Luis Robert is coming back.
The Chicago White Sox will welcome their starting center fielder back from a three-month injury-induced absence Monday, when they start a three-game series against the division-rival Minnesota Twins in the Land of 10,000 Lakes.
"Evidently yesterday went well, so officially he'll be with us tomorrow," La Russa said. "Guys are fired up. We're all fired up."
Robert tore his hip flexor at the start of May, one in a series of significant injuries that forced long layoffs for White Sox starting position players, joining fellow outfielder Eloy Jiménez and preceding second baseman Nick Madrigal and catcher Yasmani Grandal in that department. It seemed like the large number of injuries might have derailed the White Sox plans to chase a championship in 2021.
But fill-in players helped keep those World Series hopes afloat, and now with Jiménez and Robert back in the middle of the lineup — and Grandal expected to join them before the end of the regular season — the White Sox could surge from contenders to favorites.
Robert obviously figures to provide a big boost, not just in the lineup but in numerous facets of the game, a "six-tool player" who can make an impact with his bat, his glove and his legs.
"Having Luis Robert here back, it's good," Jiménez said Sunday. "He's one of the best players we have."
As has been seen with Jiménez, who was briefly sidelined with a bout of groin tightness immediately following his return from a months-long layoff, Robert could very well need to ease back into big league baseball. He just went through a lengthy rehab assignment in the minor leagues, and Robert's game, more than Jiménez's, hinges on his ability to use his legs to provide speed and agility.
Jiménez has been slow to make his typical offensive impact, as well. Though he blasted a game-winning homer in just his second game back, he is just 6-for-29 since his return. Robert could potentially need some time to get reacclimated, too.
"As a player, as a competitor, everybody wants to do their best and produce. For (Jiménez and Robert), especially, they will feel that necessity and urgency to produce and do good," White Sox first baseman José Abreu said Friday through team interpreter Billy Russo. "It's on us to try to guide them and try to help them and just let them know, 'You are going to do good. Just take your time.'"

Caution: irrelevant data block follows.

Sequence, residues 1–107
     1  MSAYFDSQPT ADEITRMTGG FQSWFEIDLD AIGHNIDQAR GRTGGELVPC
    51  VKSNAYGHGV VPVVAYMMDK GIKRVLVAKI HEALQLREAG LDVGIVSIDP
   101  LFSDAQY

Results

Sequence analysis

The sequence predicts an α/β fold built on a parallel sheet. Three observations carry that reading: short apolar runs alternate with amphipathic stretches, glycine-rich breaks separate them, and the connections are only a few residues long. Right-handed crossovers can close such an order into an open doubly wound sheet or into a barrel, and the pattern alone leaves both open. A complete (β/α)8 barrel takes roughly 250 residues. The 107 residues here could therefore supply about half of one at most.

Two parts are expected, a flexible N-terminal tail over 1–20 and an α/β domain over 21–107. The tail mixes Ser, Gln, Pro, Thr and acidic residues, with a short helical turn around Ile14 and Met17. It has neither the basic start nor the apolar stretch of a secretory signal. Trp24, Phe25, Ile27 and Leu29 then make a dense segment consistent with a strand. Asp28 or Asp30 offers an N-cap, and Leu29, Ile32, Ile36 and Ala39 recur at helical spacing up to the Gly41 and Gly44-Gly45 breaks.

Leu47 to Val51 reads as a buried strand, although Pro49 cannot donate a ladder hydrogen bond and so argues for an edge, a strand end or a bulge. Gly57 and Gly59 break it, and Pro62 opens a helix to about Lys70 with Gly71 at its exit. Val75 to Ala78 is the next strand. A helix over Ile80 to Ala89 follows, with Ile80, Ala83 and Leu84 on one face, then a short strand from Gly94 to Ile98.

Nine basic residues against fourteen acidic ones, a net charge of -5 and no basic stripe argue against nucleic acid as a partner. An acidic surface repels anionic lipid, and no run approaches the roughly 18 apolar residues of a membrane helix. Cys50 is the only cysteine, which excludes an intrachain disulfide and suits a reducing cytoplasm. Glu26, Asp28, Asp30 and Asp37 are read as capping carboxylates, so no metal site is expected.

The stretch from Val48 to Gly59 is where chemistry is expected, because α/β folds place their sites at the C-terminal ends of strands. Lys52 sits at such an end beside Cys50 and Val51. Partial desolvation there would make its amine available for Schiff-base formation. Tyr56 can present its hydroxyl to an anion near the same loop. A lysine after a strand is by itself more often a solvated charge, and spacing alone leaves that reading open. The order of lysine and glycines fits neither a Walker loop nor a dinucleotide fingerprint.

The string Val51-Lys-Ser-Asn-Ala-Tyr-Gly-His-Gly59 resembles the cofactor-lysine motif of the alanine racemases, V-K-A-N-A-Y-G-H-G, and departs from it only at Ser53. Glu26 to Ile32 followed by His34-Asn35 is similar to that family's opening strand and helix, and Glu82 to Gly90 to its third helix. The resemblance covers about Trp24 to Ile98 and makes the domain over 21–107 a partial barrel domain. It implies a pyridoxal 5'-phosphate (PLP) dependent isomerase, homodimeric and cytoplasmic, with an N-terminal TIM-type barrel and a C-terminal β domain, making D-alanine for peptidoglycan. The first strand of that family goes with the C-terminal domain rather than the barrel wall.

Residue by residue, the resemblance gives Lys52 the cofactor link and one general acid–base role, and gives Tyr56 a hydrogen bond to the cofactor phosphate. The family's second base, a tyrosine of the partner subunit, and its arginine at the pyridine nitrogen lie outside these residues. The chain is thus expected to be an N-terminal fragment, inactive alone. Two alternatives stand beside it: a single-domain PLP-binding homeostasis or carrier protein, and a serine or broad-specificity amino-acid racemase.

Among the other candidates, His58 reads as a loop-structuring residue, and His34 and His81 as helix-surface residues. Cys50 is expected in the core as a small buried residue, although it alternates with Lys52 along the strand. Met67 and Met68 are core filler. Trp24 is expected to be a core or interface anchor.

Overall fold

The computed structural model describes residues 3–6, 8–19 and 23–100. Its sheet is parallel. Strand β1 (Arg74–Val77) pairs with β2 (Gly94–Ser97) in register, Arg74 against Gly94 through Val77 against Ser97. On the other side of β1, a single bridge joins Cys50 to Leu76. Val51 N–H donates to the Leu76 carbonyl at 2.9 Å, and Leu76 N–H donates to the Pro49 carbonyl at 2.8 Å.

It remains to be seen what sort of roster tweaks will be made with Robert making his return. The White Sox outfield will be a crowded one, though everyone there has done well to contribute this season. With Jiménez and Andrew Vaughn expected to split time between left field and DH and Robert expected to resume his center-fielding duties, there will be fewer at-bats to go around for the likes of Adam Engel, Brian Goodwin, Gavin Sheets and Jake Lamb, as well as Billy Hamilton, who's currently on the injured list.
Engel's offensive success this season could make him the most frequently featured player in right field. But Goodwin has stated his case to stick around with a couple game-winning homers in the last week. Hamilton's speed is game-changing, and Sheets has impressed in his first taste of the majors, though he could be the easiest sent out to Triple-A Charlotte and returned when rosters briefly expand at the beginning of September.
Teamed with the splashy acquisition of All-Star closer Craig Kimbrel at the trade deadline, the White Sox will get a double whammy of a midsummer boost with the returns of Jiménez, Robert and Grandal. That is obviously huge for a team that owns the largest division lead in baseball and is hoping to peak at the right time, heading into October.
"We all know the quality of players they are," Abreu said. "This has been a really tough season for us as a team, especially in the offensive part. Having everybody healthy and playing the same time should be a very good thing for us, a plus for us, something that should carry us to the finish line."